Green sea turtle populations around Hawaii and U.S. Pacific islands are up markedly but hawksbill turtle populations are not.
Populations of green sea turtles (Chelonia mydas) in and around Hawaii and American Pacific island territories have increased, sometimes by an average of 8 percent each year since scuba diving researchers becan counting them in 2002, according to a study published in the PLOS One journal. The researchers went around 53 islands, atolls, and coral reefs in the U.S. Pacific from 2002 to 2015 and counted more than 3,400 sea turtles, 90.1 percent of which were green sea turtles. Sea turtle counts around Hawaii experienced an 8 percent increase, while the number of sea turtles around American Samoa and the Mariana Islands increased by an average of 4 percent a year.
Green sea turtle populations around Hawaii and U.S. Pacific islands are up markedly.
“From a conservationist’s point of view, that’s pretty phenomenal,” study coauthor Rusty Brainard, an oceanographer based in Honolulu told Science News. Brainard supervises the U.S. National Oceanic and Atmospheric Administration’s coral reef ecosystem program.
The study also counted hawksbill turtles (Eretmochelys imbricata) and found their numbers still struggling when compared to other species.
“We didn’t spot enough of hawksbills to be able to analyze their population trends over time, ecologist and study coauthor Sarah Becker said. “It’s a sign that their population is really struggling.” Becker coauthored the paper with Brainard and Kyle Van Houtan, a conservation ecologist.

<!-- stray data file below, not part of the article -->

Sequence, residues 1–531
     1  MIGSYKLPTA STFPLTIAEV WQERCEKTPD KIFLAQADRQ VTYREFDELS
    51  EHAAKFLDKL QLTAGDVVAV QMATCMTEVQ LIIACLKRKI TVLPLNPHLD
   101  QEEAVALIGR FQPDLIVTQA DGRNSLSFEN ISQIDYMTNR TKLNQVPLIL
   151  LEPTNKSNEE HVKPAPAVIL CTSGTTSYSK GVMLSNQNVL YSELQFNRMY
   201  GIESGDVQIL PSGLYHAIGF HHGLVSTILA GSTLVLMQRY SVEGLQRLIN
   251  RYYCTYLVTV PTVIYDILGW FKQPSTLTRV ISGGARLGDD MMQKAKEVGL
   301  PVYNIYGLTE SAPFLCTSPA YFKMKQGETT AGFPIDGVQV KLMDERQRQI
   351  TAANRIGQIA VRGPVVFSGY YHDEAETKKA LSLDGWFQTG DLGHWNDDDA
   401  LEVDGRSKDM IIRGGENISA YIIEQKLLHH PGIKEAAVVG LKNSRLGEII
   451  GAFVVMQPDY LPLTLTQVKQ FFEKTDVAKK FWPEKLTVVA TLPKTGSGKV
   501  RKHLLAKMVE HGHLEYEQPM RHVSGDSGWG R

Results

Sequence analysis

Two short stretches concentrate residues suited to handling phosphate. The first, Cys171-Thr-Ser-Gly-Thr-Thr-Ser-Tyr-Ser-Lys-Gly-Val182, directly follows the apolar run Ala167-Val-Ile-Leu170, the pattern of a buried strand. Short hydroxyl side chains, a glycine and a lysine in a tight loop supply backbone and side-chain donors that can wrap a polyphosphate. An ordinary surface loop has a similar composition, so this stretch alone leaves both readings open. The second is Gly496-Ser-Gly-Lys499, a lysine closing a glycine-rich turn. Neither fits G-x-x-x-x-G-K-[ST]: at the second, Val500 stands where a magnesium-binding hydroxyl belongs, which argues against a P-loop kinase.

The researchers were towed behind slow moving boats, one hour at a time, over coral reefs where they saw the turtles in their natural habitat.
“It’s a spectacular way to see the reef system, one hour at a time,” Brainard said. “They’re just so graceful. We’d see them sort of gliding along or sleeping in the caves and overhangs of the reefs.”
The researchers also floated past sunken ships leaching iron and large fishing nets that had snagged on the reefs, breaking corals and entangling marine organisms in their netting.
The researchers attribute the Endangered Species Act in helping the reptiles recover, at least in the Hawaiian islands and other U.S. Pacific territories. While the green sea turtle is listed as endangered, the hawksbill turtle is listed as critically endangered. Sea turtles are at risk from continued harvesting for food and their shells, especially from countries like China. They also end up as fisheries bycatch, and are often victims of marine plastics and other pollution, habitat loss and degradation. Their coral reef feeding grounds are also at risk due to environmental and anthropogenic stressors.
The complete paper, “Densities and drivers of sea turtle populations across Pacific coral reef ecosystems,” can be read on the PLOS One Journal website.